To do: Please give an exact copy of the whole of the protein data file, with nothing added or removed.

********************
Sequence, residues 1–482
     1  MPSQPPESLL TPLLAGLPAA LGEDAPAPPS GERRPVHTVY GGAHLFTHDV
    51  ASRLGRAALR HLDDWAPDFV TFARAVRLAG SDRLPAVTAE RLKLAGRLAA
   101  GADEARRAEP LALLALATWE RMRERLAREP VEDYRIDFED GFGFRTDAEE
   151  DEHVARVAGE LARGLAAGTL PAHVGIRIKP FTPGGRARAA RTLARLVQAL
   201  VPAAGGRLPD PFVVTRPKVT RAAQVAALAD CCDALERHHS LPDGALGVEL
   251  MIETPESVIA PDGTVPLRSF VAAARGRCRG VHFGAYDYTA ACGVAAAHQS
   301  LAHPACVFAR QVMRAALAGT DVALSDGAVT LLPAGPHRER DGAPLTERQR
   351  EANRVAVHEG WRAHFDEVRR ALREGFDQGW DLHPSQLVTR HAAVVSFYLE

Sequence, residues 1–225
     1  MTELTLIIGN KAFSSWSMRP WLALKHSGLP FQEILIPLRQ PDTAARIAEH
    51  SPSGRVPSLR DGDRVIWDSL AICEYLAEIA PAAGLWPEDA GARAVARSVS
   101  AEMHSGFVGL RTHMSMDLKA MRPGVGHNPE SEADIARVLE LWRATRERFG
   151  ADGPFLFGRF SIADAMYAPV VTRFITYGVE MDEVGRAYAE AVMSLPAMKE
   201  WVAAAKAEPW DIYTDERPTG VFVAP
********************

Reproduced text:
Sequence, residues 1–482
     1  MPSQPPESLL TPLLAGLPAA LGEDAPAPPS GERRPVHTVY GGAHLFTHDV
    51  ASRLGRAALR HLDDWAPDFV TFARAVRLAG SDRLPAVTAE RLKLAGRLAA
   101  GADEARRAEP LALLALATWE RMRERLAREP VEDYRIDFED GFGFRTDAEE
   151  DEHVARVAGE LARGLAAGTL PAHVGIRIKP FTPGGRARAA RTLARLVQAL
   201  VPAAGGRLPD PFVVTRPKVT RAAQVAALAD CCDALERHHS LPDGALGVEL
   251  MIETPESVIA PDGTVPLRSF VAAARGRCRG VHFGAYDYTA ACGVAAAHQS
   301  LAHPACVFAR QVMRAALAGT DVALSDGAVT LLPAGPHRER DGAPLTERQR
   351  EANRVAVHEG WRAHFDEVRR ALREGFDQGW DLHPSQLVTR HAAVVSFYLE

Sequence, residues 1–225
     1  MTELTLIIGN KAFSSWSMRP WLALKHSGLP FQEILIPLRQ PDTAARIAEH
    51  SPSGRVPSLR DGDRVIWDSL AICEYLAEIA PAAGLWPEDA GARAVARSVS
   101  AEMHSGFVGL RTHMSMDLKA MRPGVGHNPE SEADIARVLE LWRATRERFG
   151  ADGPFLFGRF SIADAMYAPV VTRFITYGVE MDEVGRAYAE AVMSLPAMKE
   201  WVAAAKAEPW DIYTDERPTG VFVAP